Recessionista minestrone soup

After I lost my job last year, I tore through the family finances, figuring out how we were going to get by. More than half our household income disappeared with the words, “your position has been eliminated,” and I was fully aware that there were no newspaper jobs waiting for middle-aged middle managers in the devastated Detroit area.

As I pored over bank statements and pounded the calculator, I was shocked when I realized how much money my little family spent eating out. That didn’t even take into account what we spent on food at supermarkets and specialty stores.

On top of the restaurant lunches I had just about every day, I often took my son out to dinner a couple times a week since my husband works most evenings. Eating out meant I didn’t have to cook or clean the kitchen, so it was a perfectly acceptable choice to make since we could afford it. And, heck, I was pooped and sore from sitting on my butt in front of a computer all day.

We ate in restaurants for entertainment, too. There were those “date-night” dinners out, and the meeting-the-friends-and-family-for-a-quick-bite-to-eat meals out. It all added up quickly.

When we quit eating out, it felt as if I had found a part-time job.

Then, I looked at our supermarket spending. I didn’t want to cut back on fresh fruits and vegetables, and, food snob that I am, I buy organic whenever I can. Since the local supermarkets are now doing a much better job stocking organic products, our once-a-month trips to Whole Foods Market in Ann Arbor were eliminated.

We also cut back significantly on our meat consumption. I’ve taken to making my own hummus and I’ve perfected what I call my “Recessionista Minestrone Soup.”

To get the biggest nutritional bang for our food bucks, I’ve been experimenting with soup recipes that include lentils and beans, and I think I’ve finally hit upon the perfect mix of great taste and healthiness. Like the true minestrones of my Italian ancestors, this soup makes short order of whatever vegetables are on hand. This recipe is really just a template that can be adjusted to your own particular taste buds.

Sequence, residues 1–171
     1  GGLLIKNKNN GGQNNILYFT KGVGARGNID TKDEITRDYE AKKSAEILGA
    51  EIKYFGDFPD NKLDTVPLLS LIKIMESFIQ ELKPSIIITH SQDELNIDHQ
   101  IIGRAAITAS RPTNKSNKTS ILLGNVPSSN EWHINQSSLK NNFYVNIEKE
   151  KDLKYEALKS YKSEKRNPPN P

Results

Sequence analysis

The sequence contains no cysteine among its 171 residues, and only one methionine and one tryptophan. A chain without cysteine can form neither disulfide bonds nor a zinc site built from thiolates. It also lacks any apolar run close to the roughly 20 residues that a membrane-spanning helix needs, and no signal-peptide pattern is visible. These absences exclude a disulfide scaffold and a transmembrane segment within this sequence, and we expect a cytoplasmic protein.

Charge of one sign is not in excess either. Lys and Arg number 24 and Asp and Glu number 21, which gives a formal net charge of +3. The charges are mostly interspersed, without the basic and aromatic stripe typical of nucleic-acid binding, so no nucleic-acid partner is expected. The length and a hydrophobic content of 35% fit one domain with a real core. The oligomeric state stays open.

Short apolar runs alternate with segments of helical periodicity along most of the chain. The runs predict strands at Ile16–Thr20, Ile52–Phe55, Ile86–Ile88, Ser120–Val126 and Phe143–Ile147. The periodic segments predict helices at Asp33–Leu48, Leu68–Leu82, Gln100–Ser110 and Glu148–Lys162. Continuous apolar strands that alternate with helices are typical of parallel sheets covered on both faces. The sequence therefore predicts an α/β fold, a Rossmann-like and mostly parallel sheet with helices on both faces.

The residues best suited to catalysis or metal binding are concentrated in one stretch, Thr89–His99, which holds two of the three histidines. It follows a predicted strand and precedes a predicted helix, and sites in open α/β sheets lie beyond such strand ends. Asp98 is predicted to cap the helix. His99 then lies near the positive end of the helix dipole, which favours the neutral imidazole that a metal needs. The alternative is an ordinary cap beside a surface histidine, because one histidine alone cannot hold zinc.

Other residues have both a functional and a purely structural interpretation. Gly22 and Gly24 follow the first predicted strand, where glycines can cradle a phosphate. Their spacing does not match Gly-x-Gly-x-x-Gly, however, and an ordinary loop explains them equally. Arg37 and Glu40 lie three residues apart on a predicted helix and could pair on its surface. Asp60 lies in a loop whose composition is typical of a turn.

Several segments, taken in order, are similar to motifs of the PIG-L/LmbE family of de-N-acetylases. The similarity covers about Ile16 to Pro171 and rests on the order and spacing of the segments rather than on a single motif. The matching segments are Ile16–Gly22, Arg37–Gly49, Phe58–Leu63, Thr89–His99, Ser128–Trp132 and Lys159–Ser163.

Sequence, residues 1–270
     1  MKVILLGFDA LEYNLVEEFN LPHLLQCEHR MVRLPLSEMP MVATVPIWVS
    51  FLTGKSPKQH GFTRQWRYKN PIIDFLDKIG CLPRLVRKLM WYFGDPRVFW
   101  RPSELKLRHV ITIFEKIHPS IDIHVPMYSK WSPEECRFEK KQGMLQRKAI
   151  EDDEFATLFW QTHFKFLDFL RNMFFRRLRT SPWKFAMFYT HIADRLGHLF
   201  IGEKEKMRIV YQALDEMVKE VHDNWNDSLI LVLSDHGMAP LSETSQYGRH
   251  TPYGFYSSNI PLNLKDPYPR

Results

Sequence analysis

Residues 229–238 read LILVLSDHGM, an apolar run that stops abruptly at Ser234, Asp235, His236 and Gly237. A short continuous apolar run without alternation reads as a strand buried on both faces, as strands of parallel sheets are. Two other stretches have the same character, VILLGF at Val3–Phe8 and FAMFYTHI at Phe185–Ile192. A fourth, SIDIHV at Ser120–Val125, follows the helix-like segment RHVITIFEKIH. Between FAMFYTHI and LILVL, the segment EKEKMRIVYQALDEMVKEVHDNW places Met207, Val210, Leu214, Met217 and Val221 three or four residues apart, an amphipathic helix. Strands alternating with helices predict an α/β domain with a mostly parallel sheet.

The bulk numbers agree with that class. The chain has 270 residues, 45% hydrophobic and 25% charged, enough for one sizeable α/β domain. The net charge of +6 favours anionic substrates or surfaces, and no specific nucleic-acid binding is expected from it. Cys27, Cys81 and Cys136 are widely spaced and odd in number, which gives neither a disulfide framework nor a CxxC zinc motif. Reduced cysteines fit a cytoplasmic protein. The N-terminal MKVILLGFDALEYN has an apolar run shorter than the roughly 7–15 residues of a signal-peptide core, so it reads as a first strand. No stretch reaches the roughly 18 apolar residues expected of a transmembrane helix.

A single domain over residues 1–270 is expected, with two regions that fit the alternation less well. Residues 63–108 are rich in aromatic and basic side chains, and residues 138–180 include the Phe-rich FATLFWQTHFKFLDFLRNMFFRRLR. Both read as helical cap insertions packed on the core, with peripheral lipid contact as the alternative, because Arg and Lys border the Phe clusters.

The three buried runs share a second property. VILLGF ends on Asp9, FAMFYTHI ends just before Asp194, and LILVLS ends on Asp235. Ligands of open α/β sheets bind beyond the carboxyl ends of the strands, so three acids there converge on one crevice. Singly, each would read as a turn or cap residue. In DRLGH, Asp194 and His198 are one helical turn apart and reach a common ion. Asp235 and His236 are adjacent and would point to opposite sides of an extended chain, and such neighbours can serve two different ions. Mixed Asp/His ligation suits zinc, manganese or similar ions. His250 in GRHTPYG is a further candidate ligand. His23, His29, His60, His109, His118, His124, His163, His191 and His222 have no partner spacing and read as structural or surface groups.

You’ll find “Recessionista Minestrone” is a warm, healthy, satisfying meal that costs a fraction of a meat-based lunch or dinner. It’s delicious, too.

I now have the time and, perhaps more importantly, the motivation to plan and prepare frugal yet healthy meals. Spending a little time planning frees me of having to eat out as a convenience; these days, we eat out occasionally, thoughtfully and intentionally. There is a difference.

If you give the “Recessionisa Minestrone” recipe a try and put your own particular twist to it, let me know. I am always up for new variations.

Maria’s Recessionista Minestrone Soup


4 tablespoons olive oil

1 onion, diced (I use yellow cooking onions)

1 chopped zucchini

1/2 small green cabbage, chopped

1/2 cup frozen Italian green beans, chopped

3 or 4 stalks of celery, minced

1 clove minced garlic

4 cups vegetable broth (you can make your own, or used store-bought vegetable broth)

4 15-ounce cans of drained beans (I use 2 cans of red kidney beans, a can of cannellini beans and a can of great northern beans, all organic; I’ve been told you can substitute 1 pound of assorted dried beans to equal the four cans of beans. I will do this in the future as dried beans cost a whole lot less than canned.)

1 28-ounce can diced tomatoes, including juice

2 diced carrots

4 cups water

4 cups fresh baby spinach

1 cup whole wheat, smallish pasta (I like shells or small penne)


2 tablespoons minced parsley

1-1/2 teaspoon sea salt (be sure to use sea salt, not table salt)

1/2 teaspoon ground black pepper

1/2 teaspoon dried basil

1/4 teaspoon dried thyme


1. Heat the olive oil in a soup pot.

2. Add onions, celery, garlic, green beans, cabbage and zucchini. Stir until onions become translucent, about 6-7 minutes.

3. Add the vegetable broth, tomatoes, beans, carrots, water and spices.

4. When the soup begins to boil, reduce the heat and simmer for a half hour.

5. Add the spinach and whole wheat pasta and cook for another half hour.

6. Serve sprinkled with freshly grated parmesan or Romano cheese, and accompanied by a chunk of bread and a small glass of red wine.

This is the kind of soup that is even better on the second and third day.

Note: I’ve taken to cooking large batches of soup and sauces, always freezing half. This means less cooking for me, and more good food on hand to keep convenience eating out at bay.


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